News (#07-08 July-August 2017)


Siemens filed claim to return turbines from Crimea

The German concern Siemens filed a claim against Technopromexport (Rostech structure) and St. Petersburg JVC Siemens Gas Turbine Technologies to Moscow Arbitration Court.

The court case file did not state the reason for filing the claim; however, the plaintiff demands “to prevent further shipments to the Crimea and return of previously delivered equipment to Taman, its original destination”.

Earlier, the Reuters news agency reported that Russia supplied two turbines for power plants produced by Siemens to occupied Crimea. Shipments were carried out bypassing sanctions. Siemens stated that its turbines could not get into Crimea. In its turn, the Russian state-owned company Technopromexport, which builds power plants in Crimea, claimed that it bought equipment on the secondary market, but refused to disclose the manufacturer.


Kiev court canceled ban on delivering goods to Crimea

A Kiev Administrative Court of Appeal has changed the ruling of the court of first instance by delivering a judgment, which invalidated the first clause of the Order of the Cabinet of Ministers No.1035 of 16 December 2015.

A reminder that the Cabinet of Ministers limited deliveries of certain goods (works, services) from Crimea to other territories of Ukraine and back. For the period of temporary occupation, such deliveries were prohibited, except for personal belongings of citizens and socially significant foodstuffs moved by citizens, the total invoiced value of which did not exceed equivalent of UAH 10,000, and total weight of which did not exceed 50 kg per person.

This rule was applied in case when a person who imported goods to the temporarily occupied territory of Ukraine, entered it no more than once a day.

The Order did not cover:

— electricity delivery from temporarily occupied territory to other territories of Ukraine and/or from other territories of Ukraine to the temporarily occupied territory. Such deliveries were carried out in accordance with a decision adopted by the National Security and Defence Council;

— delivery from the temporarily occupied territory to other territories of Ukraine of goods of strategic importance for the state economy and security sectors, as confirmed by the Ministry of Economic Development;

— import to the temporarily occupied territory of humanitarian aid provided by international humanitarian organizations in accordance with the list approved by the Ministry of Social Policy.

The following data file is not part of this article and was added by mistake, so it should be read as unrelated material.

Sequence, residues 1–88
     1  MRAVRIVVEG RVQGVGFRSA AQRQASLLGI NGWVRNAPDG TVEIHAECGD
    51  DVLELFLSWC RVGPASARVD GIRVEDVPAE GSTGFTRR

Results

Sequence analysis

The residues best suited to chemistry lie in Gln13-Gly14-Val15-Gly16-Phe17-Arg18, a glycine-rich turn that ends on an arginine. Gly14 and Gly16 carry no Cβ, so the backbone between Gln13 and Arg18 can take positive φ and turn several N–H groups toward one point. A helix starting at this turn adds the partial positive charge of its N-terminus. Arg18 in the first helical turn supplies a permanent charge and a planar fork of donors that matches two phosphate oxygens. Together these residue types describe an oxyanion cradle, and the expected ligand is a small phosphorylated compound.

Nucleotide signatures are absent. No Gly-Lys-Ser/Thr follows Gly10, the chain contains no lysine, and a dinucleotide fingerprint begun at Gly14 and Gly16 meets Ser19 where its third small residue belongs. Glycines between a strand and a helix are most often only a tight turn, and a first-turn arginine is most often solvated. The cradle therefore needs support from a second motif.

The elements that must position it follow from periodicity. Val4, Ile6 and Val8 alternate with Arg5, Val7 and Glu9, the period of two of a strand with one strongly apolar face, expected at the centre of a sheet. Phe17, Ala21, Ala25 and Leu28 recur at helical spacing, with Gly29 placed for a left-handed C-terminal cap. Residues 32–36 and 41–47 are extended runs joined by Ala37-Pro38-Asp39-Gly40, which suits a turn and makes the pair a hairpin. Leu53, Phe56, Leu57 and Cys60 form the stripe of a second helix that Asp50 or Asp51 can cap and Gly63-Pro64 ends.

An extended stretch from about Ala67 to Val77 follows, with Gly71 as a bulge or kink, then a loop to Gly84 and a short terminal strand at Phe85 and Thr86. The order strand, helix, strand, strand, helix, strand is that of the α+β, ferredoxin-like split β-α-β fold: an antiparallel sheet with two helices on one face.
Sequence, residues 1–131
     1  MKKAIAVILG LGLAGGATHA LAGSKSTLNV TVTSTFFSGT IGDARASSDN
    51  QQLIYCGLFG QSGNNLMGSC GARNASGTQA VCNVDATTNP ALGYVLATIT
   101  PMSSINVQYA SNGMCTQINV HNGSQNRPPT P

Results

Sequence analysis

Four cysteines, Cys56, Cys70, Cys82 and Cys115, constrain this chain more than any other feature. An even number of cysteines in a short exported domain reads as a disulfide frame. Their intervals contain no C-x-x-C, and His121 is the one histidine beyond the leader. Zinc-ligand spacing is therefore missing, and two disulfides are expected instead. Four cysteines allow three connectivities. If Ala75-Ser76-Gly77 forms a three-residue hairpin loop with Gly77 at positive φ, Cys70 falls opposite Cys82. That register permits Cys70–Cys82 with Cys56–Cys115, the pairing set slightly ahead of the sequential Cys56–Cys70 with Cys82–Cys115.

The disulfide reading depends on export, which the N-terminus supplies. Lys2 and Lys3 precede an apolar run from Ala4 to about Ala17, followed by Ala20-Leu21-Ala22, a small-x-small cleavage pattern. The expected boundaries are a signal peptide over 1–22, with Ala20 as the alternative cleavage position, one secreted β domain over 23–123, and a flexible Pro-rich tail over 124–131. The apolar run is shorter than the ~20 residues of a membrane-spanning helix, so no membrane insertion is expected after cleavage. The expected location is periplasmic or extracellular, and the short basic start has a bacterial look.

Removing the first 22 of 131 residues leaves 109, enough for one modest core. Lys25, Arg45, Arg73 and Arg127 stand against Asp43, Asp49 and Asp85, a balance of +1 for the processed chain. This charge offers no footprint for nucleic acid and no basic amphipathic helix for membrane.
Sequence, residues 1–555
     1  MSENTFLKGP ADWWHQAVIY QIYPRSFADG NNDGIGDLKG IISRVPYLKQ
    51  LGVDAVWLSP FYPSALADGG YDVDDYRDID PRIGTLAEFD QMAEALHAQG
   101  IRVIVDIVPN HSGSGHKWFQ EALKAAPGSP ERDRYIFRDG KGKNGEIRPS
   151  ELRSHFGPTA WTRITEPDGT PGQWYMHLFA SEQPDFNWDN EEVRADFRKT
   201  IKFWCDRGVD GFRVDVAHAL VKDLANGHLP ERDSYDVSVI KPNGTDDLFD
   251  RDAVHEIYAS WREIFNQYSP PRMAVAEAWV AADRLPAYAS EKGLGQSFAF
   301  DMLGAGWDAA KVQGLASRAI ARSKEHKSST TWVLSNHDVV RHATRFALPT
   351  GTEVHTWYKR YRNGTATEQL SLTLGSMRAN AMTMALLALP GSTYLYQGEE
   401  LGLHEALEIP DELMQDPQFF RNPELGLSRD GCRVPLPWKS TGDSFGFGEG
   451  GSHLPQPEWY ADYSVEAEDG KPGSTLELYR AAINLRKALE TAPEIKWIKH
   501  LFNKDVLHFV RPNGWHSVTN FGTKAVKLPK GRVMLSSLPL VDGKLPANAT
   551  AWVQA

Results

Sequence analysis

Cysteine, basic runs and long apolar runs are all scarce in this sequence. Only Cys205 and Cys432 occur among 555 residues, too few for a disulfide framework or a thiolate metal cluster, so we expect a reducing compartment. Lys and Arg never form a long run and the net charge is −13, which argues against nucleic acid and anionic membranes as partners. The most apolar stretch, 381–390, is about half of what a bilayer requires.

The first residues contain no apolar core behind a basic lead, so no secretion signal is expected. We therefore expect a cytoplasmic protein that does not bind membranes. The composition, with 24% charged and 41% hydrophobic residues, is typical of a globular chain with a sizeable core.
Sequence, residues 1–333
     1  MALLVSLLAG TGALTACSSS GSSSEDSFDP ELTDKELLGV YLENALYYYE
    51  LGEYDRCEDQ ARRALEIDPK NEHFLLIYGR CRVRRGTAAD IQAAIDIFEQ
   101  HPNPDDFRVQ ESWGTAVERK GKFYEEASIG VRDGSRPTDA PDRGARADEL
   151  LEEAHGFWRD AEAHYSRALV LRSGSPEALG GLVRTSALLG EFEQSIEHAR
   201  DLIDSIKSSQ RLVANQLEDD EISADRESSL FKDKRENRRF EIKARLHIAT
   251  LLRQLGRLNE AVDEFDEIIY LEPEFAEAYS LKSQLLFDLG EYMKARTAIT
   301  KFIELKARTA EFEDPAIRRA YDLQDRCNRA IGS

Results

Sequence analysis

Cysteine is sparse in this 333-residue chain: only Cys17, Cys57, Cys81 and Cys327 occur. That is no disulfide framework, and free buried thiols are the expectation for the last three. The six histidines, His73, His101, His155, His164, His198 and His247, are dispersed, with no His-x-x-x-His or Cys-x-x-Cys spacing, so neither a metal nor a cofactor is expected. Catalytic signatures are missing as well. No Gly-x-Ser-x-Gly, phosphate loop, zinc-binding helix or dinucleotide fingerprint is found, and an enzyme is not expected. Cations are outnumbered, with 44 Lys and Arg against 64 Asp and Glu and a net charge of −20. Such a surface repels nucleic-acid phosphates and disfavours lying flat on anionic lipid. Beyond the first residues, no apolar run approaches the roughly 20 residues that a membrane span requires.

The judgment of Kiev Administrative Court of Appeal in case No.826/9502/16 was delivered on 14 June 2017 and came into force from the date of its publishing.


International Court in The Hague ruled against the RF for arrest of Greenpeace vessel

The International Arbitration Court in The Hague has, in the Netherlands–Russia controversy, ordered the Russian Federation to pay the Netherlands EUR 5.4 million for violating the UN Convention on the Law of the Sea.

On 18 September 2013 the Greenpeace organization staged a protest action on the vessel Arctic Sunrise with 30 people aboard, near the Russian offshore oil platform located in the Barents Sea in the Russian economic zone. On 19 September Russian state authorities arrested the vessel and everybody on board.

The vessel was towed to Murmansk, where it was held despite the demands of the Netherlands to release the vessel. Thirty crew members were arrested and taken into custody and later charged with administrative and criminal offences. At the end of November 2013, they were released on bail, and after 18 December 2013 they were amnestied. On 6 June 2014 the attachment from Arctic Sunrise was removed and on 9 August 2014 the vessel returned to Amsterdam.

But on 4 October 2013 official Amsterdam filed a lawsuit against the Russian Federation.

In 2015 a group of five members based in Vienna decided that Russia was responsible for seizing the vessel in accordance with the UN Convention on the Law of the Sea. Now the arbitration has determined the sum of compensation for damage to the vessel, as well as for illegal arrest and related moral harm to the 30 people who were on board. Russia must also pay interest in addition to the specified sum of compensation.


UAH 2.834 billion recovered from ESU, SCM subsidiary company

The Economic Court of Kiev recovered UAH 2.834 billion for Ukreximbank from ESU, a subsidiary company of SCM (owner of a 92.79% stake in Ukrtelecom). This is stated in its decision of 11 July.

In April 2013 the bank redeemed company bonds for the sum of UAH 2.254 billion. But ESU failed to repay the bonds in due time, in March 2017. The court upheld the Ukreximbank claim, including fines, punitive damages and unpaid interest.

On 11 July the court also accepted the claim filed by the State Property Fund of Ukraine against ESU and Ukreximbank for recovery of UAH 2.171 billion.

A reminder that another state-owned bank, Oschadbank, filed a claim against Ukrtelecom and demanded repayment of debt in the amount of UAH 1.1 billion under unpaid bonds.

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